The Victorian Root Beer War

The Victorian Root Beer War

If you remember the 1980s, you remember “The Cola Wars“, the epic battle between Coca-Cola and Pepsi-Cola (or more “eighties-speak”: Coke and Pepsi). The Root Beer Wars of the 1890s were not a thing like the Cola Wars of the late 20th Century. No two root beer companies were in competition for supremacy. Root Beer, by the very nature of its name, fought for survival against the Temperance Movement.

“The Cola Wars”, Image: Courtesy of Pinterest.

VINTAGE RECIPE FOR ROOT BEER

The Standard Formulary: A Collection of Nearly Five Thousand Formulas (1900). Cover image and the entire text available digitally, courtesy of Hathi Trust.

Root Beer Recipe, from The Standard Formulary: A Collection of Nearly Five Thousand Formulas (1900), page 395. Part 1 of 3.

Root Beer Recipe from The Standard Formulary: A Collection of Nearly Five Thousand Formulas (1900), p. 395. Part 2 of 3.

Root Beer Recipe from The Standard Formulary: A Collection of Nearly Five Thousand Formulas (1900), p. 395. Part 3 of 3.

The methods by which the extract for root beer is created involves fermentation. I can see why the “Temperance Ladies”, if ill-informed (or on a rampage), would object. Perhaps loudly. Read on, to see what the Women’s Christian Temperance Union had to say about Hires Root Beer.

HIRES ROOT BEER

NOW

Hires is a brand consumers recognize in the twenty-first century. Hires Root Beer is still for sale.

Hires Root Beer, currently for sale on Amazon.com.

Hires Root Beer Extract, available today. See Amazon.

THEN

The following advertisement from 1882 promoted Hires Root Beer, 25¢ for a package that makes 5 gallons of the touted “Temperance Beverage“.

Hires Imported Root Beer. The Daily Review of Wilmington, North Carolina. March 27, 1882.

Hires Root Beer Extract in corked, 3-oz. bottle. 1929 vintage. Currently for sale on ebay.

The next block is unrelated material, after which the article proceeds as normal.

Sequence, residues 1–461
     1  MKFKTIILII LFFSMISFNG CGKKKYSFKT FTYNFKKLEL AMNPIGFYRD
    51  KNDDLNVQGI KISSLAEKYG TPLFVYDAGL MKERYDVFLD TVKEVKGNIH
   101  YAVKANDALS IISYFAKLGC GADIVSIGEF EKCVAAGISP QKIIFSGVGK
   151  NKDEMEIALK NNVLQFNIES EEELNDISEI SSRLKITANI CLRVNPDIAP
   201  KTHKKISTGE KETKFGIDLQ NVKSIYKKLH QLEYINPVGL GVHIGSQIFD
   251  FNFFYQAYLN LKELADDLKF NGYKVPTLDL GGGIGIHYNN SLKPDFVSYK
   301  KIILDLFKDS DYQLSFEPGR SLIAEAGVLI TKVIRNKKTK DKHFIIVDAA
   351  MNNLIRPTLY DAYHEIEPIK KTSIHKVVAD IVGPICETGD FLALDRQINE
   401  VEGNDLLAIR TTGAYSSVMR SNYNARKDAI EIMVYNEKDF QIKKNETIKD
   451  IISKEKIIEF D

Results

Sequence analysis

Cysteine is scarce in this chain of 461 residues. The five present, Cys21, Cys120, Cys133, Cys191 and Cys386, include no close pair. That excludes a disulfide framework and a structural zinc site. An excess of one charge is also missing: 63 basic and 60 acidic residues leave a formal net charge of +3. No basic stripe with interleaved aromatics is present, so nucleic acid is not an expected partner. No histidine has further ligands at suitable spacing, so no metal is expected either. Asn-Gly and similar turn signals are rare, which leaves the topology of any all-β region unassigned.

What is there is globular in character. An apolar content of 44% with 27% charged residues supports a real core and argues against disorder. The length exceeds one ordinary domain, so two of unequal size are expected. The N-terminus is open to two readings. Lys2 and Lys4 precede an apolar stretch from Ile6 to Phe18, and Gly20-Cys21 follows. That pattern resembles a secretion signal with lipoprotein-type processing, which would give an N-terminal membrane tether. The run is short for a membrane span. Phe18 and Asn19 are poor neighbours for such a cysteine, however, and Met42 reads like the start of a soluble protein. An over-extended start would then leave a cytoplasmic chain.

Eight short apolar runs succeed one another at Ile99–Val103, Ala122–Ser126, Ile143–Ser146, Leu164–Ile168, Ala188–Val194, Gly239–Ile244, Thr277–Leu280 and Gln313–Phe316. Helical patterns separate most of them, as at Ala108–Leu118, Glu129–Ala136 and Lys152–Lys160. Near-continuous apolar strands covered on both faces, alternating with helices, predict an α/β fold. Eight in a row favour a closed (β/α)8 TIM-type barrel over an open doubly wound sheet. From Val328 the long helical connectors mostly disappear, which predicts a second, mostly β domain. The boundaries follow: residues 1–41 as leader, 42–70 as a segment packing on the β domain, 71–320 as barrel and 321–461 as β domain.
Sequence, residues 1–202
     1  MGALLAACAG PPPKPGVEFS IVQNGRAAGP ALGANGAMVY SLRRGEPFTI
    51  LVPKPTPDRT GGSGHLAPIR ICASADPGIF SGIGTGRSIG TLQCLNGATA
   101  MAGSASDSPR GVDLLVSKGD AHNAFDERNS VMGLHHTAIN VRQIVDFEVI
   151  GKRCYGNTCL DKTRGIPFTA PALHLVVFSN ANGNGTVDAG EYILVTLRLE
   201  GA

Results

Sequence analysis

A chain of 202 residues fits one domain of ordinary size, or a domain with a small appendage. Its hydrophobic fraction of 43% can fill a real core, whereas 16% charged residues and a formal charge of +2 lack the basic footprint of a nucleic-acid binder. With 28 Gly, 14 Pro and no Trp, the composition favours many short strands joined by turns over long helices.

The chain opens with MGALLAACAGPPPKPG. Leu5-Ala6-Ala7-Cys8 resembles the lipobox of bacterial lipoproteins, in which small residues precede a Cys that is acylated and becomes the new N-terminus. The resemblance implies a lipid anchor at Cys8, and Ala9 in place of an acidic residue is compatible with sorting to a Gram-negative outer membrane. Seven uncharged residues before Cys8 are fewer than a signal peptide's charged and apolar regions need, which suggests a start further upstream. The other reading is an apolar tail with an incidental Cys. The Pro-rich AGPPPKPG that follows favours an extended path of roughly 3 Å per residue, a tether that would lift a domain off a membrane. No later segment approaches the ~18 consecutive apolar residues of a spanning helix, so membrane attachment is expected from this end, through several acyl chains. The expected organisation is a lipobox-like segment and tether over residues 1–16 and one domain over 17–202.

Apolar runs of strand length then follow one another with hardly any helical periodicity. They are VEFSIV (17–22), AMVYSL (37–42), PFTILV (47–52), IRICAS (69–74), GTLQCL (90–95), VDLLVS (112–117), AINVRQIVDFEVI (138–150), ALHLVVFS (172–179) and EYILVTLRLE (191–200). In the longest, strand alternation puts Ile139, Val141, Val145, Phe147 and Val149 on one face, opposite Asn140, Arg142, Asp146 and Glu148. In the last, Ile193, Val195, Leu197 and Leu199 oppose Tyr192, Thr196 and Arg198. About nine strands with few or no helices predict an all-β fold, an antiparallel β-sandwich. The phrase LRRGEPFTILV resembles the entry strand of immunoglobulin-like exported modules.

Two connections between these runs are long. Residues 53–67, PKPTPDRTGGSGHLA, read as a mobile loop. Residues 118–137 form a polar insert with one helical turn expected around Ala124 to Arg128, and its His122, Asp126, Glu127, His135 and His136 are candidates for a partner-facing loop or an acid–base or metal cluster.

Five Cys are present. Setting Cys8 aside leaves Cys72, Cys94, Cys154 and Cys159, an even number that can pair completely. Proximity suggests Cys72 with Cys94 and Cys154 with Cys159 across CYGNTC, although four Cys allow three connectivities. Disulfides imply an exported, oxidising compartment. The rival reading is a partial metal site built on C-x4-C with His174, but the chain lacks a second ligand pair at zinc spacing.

The Hires Rootbeer [sic] of 1897 The advertisement suggests that Hires Rootbeer cools drinkers off in the heat of the sun, keeps people well, and quenches the thirst.

Hires Root Beer Ad, published in the Manhattan Mercury of Manhattan, Kansas on June 2, 1897.

A TEMPERANCE BEVERAGE

Ethan Trex, a writer for Mental Floss, shares Hires Root Beer history, and the charming consequences of this delicious beverage. After all, it’s ALL in a name! According to this fun article, Hires wasn’t a drinker (of alcohol) and didn’t want anybody thinking his “root tea” contained intoxicants.

One of his mentors disagreed, though. Russell Conwell, a Baptist minister and the first president of Temple University, told Hires that he’d never make any money with something called “root tea.” The blue collar miners in the area wouldn’t be caught dead drinking a little tea. Now, root beer–there was a rough-and-tumble name that would catch on.

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The Baptist preacher’s advice to the teetotaling Quaker turned out to be sound. Hires gave away free mugs of root beer at the 1876 Centennial Exposition in Philly, and he was on his way to becoming America’s first soft drink millionaire.

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~ How the Temperance Movement Almost Killed Root Beer, by Ethan Trex, Mental Floss

Hires Root Beer proudly pronounces itself a Temperance Beverage, in Tyrone Daily Herald of Tyrone, Pennsylvania, on June 22, 1893.

HIRES CAUGHT IN “TEMPERANCE WARS”

Then, something funny happened. The “root beer” name Conwell had suggested came back to bite Hires. In 1895, the Women’s Christian Temperance Union turned its sights on Hires, partially because  of the word “beer” in the name. …the WCTU theorized that since his root beer was a sweet fermented beverage it must have some booze in it. (Chemistry apparently wasn’t the WCTU’s strong suit). Thus, having a frosty root beer was no better than pounding back a godforsaken actual beer.

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Instead of testing to see if there was actually any alcohol in Hires’ root beer, the WCTU simply called for a nationwide ban on his product, which had become wildly popular in drugstores around the country.

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~ How the Temperance Movement Almost Killed Root Beer, by Ethan Trex, Mental Floss

Laughable, now, isn’t it? That WCTU crusade lasted three whole years (1895 to 1898), and was finally settled by the same kind of independent lab verification (and sworn statements published far and wide) as Coca-Cola would have to do about five years later, to divorce itself once and for all from the stain of cocaine.

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Up Next!

Victorian Cheesecake?


Copyright © 2017 Kristin Holt LC

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